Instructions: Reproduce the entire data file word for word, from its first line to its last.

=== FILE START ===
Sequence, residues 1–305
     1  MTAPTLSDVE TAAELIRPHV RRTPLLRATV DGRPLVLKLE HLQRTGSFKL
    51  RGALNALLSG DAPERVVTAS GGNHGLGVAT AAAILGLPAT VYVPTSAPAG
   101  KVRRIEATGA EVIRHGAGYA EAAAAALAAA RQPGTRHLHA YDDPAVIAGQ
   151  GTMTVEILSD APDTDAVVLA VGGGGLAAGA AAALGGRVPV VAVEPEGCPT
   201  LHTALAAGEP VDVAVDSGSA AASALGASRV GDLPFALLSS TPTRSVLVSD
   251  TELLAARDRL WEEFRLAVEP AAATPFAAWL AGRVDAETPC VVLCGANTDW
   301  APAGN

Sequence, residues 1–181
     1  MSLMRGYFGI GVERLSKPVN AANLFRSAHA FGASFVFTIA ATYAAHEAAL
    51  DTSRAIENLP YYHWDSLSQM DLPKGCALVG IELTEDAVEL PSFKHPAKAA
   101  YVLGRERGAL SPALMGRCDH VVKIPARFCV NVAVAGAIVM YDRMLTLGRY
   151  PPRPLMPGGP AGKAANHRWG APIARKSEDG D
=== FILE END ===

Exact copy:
Sequence, residues 1–305
     1  MTAPTLSDVE TAAELIRPHV RRTPLLRATV DGRPLVLKLE HLQRTGSFKL
    51  RGALNALLSG DAPERVVTAS GGNHGLGVAT AAAILGLPAT VYVPTSAPAG
   101  KVRRIEATGA EVIRHGAGYA EAAAAALAAA RQPGTRHLHA YDDPAVIAGQ
   151  GTMTVEILSD APDTDAVVLA VGGGGLAAGA AAALGGRVPV VAVEPEGCPT
   201  LHTALAAGEP VDVAVDSGSA AASALGASRV GDLPFALLSS TPTRSVLVSD
   251  TELLAARDRL WEEFRLAVEP AAATPFAAWL AGRVDAETPC VVLCGANTDW
   301  APAGN

Sequence, residues 1–181
     1  MSLMRGYFGI GVERLSKPVN AANLFRSAHA FGASFVFTIA ATYAAHEAAL
    51  DTSRAIENLP YYHWDSLSQM DLPKGCALVG IELTEDAVEL PSFKHPAKAA
   101  YVLGRERGAL SPALMGRCDH VVKIPARFCV NVAVAGAIVM YDRMLTLGRY
   151  PPRPLMPGGP AGKAANHRWG APIARKSEDG D